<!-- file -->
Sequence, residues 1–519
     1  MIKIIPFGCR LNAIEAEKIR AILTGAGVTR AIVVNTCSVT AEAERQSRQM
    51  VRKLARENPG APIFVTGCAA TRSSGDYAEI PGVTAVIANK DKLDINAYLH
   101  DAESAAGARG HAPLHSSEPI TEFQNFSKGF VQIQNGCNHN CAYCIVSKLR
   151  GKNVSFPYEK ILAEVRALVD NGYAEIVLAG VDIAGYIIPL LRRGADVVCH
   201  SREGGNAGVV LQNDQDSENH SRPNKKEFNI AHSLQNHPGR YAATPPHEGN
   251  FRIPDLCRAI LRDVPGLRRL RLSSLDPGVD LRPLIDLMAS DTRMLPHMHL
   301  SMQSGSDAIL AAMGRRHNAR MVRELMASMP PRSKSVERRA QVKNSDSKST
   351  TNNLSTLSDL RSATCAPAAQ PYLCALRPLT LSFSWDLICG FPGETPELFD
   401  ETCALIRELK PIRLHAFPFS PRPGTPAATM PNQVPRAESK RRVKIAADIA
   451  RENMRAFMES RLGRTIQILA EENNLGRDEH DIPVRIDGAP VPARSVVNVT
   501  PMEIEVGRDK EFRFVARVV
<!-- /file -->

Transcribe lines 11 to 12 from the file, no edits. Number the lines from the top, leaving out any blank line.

   451  RENMRAFMES RLGRTIQILA EENNLGRDEH DIPVRIDGAP VPARSVVNVT
   501  PMEIEVGRDK EFRFVARVV